Session Type: ACR Poster Session C
Session Time: 9:00AM-11:00AM
Background/Purpose: Idiopathic Aortitis (IA) is poorly defined, with no specific criteria for its classification or diagnosis, except for presence of aortic inflammation and the absence of clinical features of another systemic condition. We aim to establish a prospective cohort of patients with surgically diagnosed aortitis and compare disease features in patients with IA and aortitis secondary to a systemic inflammatory condition (SA).
Methods: This is a single-center, prospective cohort study. Patients are recruited following identification of aortitis on surgical specimen. Baseline assessment includes clinical assessment, inflammatory markers (ESR and CRP), serology to exclude a connective tissue disease and infectious causes, and full imaging of the aorta and its branches. Patients are classified as either IA or SA, and followed prospectively. Clinical assessments and measurements of ESR and CRP are done at least yearly, and full imaging of the aorta and branches at least every 2 years. Primary outcome of interest is radiographic progression of aortitis (new aortic or branch lesions or progression of existing lesions). Secondary outcomes include the need for delayed immunosuppressive therapy, need for aortitis-related surgeries, or a change in diagnosis (from IA to SA).
Results: Fourteen patients have been enrolled to date, 8 IA, 6 SA (5 giant cell arteritis (GCA), 1 rheumatoid arthritis (RA)). The majority of patients are female (7/8 IA, 6/6 SA); average age 74 and 75 years in IA and SA respectively. Four out of eight patients with IA and 2/6 with SA had aortic branch lesions at baseline. Mean follow-up is 2.3 and 1.8 years in IA and SA groups, respectively. One patient (with SA) was found to have worsening aortic dilatation 15.4 months post-biopsy (PB); new aortic branch involvement was observed in 3/8 patients with IA (identified at mean 9.3 months PB) and in 3/6 SA (identified at mean 13.3 months PB). Surgical re-intervention was required in 2 patients with IA (mean 6.5 months PB). Two patients with IA received a combination of prednisone (initiated at a mean dose of 45 milligrams (mg) daily) and methotrexate (20mg weekly) starting at 36.0 months 38.2 months PB respectively for worsening aortitis. Two patients with SA received prednisone for worsening of their underlying condition, not related to diagnosis of aortitis: one was finishing a course of prednisone initiated for flare of RA prior to diagnosis of aortitis and the other was treated for symptomatic GCA 3.2 months PB (starting dose of 40 mg daily). One patient with IA died due to a cause unrelated to aortitis 17.5 months PB.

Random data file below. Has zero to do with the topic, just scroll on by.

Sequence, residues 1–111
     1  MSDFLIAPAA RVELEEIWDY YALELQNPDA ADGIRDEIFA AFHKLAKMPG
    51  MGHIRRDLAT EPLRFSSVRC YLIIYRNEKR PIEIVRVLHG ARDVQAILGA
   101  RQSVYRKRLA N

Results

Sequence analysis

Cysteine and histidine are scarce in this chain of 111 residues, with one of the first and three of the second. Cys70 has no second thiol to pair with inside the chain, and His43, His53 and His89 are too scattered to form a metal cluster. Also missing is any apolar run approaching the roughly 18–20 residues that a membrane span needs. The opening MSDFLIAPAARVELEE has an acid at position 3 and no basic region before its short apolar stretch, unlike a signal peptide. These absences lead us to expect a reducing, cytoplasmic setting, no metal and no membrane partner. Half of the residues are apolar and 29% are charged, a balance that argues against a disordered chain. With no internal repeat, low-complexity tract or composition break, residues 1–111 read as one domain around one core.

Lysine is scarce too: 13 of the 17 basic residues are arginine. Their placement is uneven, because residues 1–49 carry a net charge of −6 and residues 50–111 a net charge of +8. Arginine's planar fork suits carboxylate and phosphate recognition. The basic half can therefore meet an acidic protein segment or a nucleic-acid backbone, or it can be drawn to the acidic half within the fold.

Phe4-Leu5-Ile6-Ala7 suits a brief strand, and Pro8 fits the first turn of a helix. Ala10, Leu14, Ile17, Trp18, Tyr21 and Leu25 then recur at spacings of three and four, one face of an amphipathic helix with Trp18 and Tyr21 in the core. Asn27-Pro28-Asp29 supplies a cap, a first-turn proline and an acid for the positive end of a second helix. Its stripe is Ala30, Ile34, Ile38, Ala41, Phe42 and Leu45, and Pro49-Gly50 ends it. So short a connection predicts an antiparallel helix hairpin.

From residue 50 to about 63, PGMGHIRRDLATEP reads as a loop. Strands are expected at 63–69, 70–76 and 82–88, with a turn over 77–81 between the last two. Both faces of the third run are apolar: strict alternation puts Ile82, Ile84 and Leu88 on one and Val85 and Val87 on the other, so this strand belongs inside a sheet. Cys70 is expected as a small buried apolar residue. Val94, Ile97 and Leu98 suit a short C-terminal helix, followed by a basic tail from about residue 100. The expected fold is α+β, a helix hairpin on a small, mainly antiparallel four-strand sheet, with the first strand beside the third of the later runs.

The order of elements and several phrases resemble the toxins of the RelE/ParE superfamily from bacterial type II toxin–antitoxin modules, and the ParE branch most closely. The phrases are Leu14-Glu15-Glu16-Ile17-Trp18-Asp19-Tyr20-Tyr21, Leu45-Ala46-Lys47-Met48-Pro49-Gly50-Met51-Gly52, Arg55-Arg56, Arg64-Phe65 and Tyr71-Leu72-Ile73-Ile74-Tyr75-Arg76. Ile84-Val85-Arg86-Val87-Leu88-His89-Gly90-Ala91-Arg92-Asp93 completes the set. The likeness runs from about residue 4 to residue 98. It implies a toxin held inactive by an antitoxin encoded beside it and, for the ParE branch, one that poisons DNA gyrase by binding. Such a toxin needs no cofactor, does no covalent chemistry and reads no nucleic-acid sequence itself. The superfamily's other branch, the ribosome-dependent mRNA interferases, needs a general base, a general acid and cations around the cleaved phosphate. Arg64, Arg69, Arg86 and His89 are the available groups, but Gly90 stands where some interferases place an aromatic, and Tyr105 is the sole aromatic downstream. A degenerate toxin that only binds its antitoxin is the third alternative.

Conclusion: Preliminary data suggest patients with IA and SA may experience a significant rate of radiographic vascular progression, particularly in terms of development of branch vessel abnormalities. The number of events was too low to detect significant differences between IA and SA with respect to any of the studied parameters. Further enrollment and a longer duration of follow-up are needed. Controlled studies would be required to assess whether treating IA with corticosteroids at the time of diagnosis would reduce radiographic progression or other complications.
To cite this abstract in AMA style:Walker K, Boodhwani M, Milman N. Prospective Cohort of Surgically-Diagnosed Aortitis at the Ottawa Hospital [abstract]. Arthritis Rheumatol. 2016; 68 (suppl 10). https://acrabstracts.org/abstract/prospective-cohort-of-surgically-diagnosed-aortitis-at-the-ottawa-hospital/. Accessed January 18, 2021.
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